DEAR DR. NERDLOVE: I’m the type of guy that never really prioritized relationships in high school or college. I was also focused on career, school, and my health. As a result, I never really had any relationship experience, or any experience with women, and, to be honest, I’m just a typical socially awkward nerd (and proud).
However, as I’ve started taking steps towards interacting with women, I realized that while I’m a socially awkward nerd, I’m a nerd who won the genetic lottery. I’ve netted from independent sources that I’m a really good-looking guy. I guess I just got lucky but while I’m really just trying to build friendships with women they tend to jump the boat from friendship to dreaming about a relationship or asking me out when we’ve only really shared a couple classes together and talked a few times over lunch. I usually reject them since I’m really not looking for that right now, but how do I do it without being a huge dick?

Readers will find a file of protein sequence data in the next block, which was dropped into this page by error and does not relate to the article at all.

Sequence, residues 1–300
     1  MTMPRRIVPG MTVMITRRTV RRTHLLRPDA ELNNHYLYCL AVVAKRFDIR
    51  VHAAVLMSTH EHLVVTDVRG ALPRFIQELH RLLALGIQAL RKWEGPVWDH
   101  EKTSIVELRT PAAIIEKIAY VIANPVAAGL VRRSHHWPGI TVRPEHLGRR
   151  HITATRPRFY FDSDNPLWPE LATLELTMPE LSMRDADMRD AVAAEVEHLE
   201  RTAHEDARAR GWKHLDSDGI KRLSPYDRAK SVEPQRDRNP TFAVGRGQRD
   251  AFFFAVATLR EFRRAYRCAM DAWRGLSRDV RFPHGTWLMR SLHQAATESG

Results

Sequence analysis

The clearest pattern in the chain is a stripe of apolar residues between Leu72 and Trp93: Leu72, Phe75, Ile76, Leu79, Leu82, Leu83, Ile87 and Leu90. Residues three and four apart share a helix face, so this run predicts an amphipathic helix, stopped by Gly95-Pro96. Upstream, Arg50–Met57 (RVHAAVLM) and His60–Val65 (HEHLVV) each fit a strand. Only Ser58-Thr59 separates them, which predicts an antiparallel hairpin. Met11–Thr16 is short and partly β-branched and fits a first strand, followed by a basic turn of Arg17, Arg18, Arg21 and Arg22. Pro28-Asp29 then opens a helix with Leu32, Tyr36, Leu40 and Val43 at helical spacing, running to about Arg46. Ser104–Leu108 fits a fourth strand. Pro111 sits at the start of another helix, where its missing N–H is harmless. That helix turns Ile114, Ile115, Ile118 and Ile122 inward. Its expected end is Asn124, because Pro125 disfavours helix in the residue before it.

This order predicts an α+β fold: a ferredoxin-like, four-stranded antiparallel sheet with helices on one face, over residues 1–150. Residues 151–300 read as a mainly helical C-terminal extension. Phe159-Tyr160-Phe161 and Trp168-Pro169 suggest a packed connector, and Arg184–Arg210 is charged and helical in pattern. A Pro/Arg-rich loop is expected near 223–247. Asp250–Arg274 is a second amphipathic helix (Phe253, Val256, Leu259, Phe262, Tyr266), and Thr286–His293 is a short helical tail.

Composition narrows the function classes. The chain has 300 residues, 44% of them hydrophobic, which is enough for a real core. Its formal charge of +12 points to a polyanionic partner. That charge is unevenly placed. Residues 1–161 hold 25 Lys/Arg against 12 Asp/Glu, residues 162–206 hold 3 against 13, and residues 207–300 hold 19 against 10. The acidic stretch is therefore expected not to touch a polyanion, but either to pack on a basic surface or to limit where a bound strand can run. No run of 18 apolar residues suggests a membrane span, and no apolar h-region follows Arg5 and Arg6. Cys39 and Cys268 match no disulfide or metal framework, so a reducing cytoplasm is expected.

With one girl I flatly said “no” to a dinner date proposition, and I really wished I could’ve delivered that nicer because I could tell she was really hurt. I didn’t mean to make her feel that way I just wanted to be honest and not skirt around it like when girls do to guys. I know that’s because they’re socialized to be nice, but most men find it confusing so I just wanted to be blunt. With another girl I could tell she was beginning to catch feelings and I wanted to avoid another situation similar to the one above, and kind’ve just got confused with how to act and cut her off. The friendship fizzled out and it’s a shame I thought she was a cool person. How do I navigate people’s feelings for me without being a douche?